"It's been tough," Caudle said. "The hardest winter for me here in 17 years."
The California store and its surrounding strip mall suddenly became a popular gathering spot in the rural suburb of 78,000, where cows still graze on hillsides. Hundreds of people crowded into the 7-Eleven store, chanting "Chino Hills! Chino Hills!"
Store owner Balbir Atwal worked as an electronics salesman after immigrating from India in 1981, and bought his first 7-Eleven franchise at the age of 27. Now he owns four. He said he has sold winning tickets before, but never like this one.
"I was just joking, I said, this is the time someone's going to hit it," laughed Atwal. He said he would share his part of the store's bonus with employees and family, and give some to charity.
Michael Fahim, 48, real estate broker from Chino Hills, said he bought 20 lottery tickets Wednesday night just up the street. "I'm happy it's in Chino Hills. I think it put us on the map — all over the world," he said, adding that his brother called from Australia overnight to learn if he won.
Melbourne Beach's 3,100 residents live on a spit of beachfront no bigger than one-square mile. Unlike parts of the Space Coast dominated by high rises, the affluent town has large single-family homes on its beaches. Nobody emerged to claim their winnings, but excitement was palpable outside the Publix where the ticket was sold.
"The winner could be as close as your neighbors!" said Lisa Londini, a professional caregiver shopping at the market. "I wish it was me!"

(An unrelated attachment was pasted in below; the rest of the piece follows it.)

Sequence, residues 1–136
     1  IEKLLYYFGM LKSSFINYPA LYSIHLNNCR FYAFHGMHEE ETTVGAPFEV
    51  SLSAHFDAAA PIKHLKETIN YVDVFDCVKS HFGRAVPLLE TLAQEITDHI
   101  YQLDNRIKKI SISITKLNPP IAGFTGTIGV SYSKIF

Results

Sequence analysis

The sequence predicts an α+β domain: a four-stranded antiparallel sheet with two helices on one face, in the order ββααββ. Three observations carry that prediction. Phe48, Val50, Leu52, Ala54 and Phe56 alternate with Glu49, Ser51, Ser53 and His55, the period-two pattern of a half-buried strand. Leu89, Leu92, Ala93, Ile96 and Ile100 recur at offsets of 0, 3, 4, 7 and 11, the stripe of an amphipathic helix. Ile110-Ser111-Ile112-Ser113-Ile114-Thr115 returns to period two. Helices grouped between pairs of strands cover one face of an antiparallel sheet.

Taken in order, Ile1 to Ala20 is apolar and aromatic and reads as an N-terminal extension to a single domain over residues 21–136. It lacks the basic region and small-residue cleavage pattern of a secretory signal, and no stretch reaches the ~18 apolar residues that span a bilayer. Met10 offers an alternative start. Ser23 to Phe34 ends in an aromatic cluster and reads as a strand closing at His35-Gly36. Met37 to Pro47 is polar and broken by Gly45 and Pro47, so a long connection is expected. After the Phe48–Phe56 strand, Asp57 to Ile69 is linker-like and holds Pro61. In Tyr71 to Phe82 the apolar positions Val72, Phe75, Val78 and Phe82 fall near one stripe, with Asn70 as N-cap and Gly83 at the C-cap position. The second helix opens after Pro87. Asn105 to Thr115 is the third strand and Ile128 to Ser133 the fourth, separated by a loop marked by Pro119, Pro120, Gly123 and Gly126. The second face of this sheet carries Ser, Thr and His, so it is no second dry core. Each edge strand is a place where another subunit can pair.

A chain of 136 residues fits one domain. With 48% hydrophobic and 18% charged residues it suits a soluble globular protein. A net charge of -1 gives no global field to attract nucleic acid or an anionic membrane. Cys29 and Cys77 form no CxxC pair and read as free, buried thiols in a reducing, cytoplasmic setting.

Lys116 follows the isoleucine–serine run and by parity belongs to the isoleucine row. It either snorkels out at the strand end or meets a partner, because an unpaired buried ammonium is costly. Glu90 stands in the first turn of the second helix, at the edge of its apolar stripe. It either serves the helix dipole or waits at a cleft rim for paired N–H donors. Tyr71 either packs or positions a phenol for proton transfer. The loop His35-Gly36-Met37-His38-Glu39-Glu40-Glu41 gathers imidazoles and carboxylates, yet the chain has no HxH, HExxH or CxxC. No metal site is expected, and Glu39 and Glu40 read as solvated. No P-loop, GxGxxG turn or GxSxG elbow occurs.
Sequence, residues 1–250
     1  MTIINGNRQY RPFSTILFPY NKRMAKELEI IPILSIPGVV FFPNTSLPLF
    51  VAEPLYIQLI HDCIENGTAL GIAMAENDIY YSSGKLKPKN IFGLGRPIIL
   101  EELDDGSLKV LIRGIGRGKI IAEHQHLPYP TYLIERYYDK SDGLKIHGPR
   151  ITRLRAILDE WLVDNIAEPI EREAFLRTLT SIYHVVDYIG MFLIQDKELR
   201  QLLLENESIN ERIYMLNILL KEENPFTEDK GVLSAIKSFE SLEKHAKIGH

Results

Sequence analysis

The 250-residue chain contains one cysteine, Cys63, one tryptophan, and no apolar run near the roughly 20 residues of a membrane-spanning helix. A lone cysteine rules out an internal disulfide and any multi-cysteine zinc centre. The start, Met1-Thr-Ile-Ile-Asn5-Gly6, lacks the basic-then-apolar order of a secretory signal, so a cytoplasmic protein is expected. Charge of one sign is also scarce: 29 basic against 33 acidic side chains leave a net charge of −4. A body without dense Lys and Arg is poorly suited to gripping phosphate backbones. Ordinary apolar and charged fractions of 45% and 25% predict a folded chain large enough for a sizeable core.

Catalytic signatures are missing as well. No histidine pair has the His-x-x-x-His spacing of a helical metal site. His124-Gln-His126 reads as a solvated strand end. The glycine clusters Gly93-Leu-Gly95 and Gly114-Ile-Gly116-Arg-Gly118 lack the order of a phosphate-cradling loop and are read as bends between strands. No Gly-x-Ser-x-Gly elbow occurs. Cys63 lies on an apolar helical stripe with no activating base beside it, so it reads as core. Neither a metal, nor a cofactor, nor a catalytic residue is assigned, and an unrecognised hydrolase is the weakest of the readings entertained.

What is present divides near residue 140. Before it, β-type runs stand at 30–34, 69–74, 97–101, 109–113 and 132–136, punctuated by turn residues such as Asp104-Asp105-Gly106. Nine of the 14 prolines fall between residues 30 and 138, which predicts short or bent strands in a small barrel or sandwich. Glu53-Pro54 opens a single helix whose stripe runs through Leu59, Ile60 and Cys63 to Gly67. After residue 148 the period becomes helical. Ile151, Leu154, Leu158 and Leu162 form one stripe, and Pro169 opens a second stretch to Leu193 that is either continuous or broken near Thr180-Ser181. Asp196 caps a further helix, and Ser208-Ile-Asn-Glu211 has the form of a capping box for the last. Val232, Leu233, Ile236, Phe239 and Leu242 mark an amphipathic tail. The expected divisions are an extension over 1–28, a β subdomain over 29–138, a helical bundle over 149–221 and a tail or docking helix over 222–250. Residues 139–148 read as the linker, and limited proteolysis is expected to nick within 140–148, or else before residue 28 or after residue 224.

Ticket sales and payouts had risen steadily as weeks came and went without a winner since Nov. 4, when the jackpot amount was reset at $40 million. In addition to three jackpot winners, more than 26 million other winning tickets will pay out total cash prizes of $273,869,373, Lunsford said.
For Wednesday night's drawing alone, Powerball sales totaled $1,270,206,274. People were buying 37,000 Powerball tickets a minute in California, where $386 million in Powerball tickets were sold since Nov. 4, the most of any state and more than California sold in the entire previous fiscal year, spokesman Russ Lopez said.
"You get a lot of new players with a large jackpot," California Lottery Director Hugo Lopez said. "Our goal is to have a lot of people play a little bit."
A big chunk of the profits go to schools, although not enough to solve all their budget problems, officials said.
Sales for this jackpot generated nearly $115 million since November for education in Florida, which uses the lottery to provide 6 percent of the education budget, Florida Lottery Secretary Tom Delacenserie said. California's share represents $154 million for its schools, Russ Lopez said — not enough "to get schools out of trouble."
Contributors include David Pitt and Scott McFetridge in Iowa City, Iowa. Taxin reported from Chino Hills and Schneider from Melbourne Beach.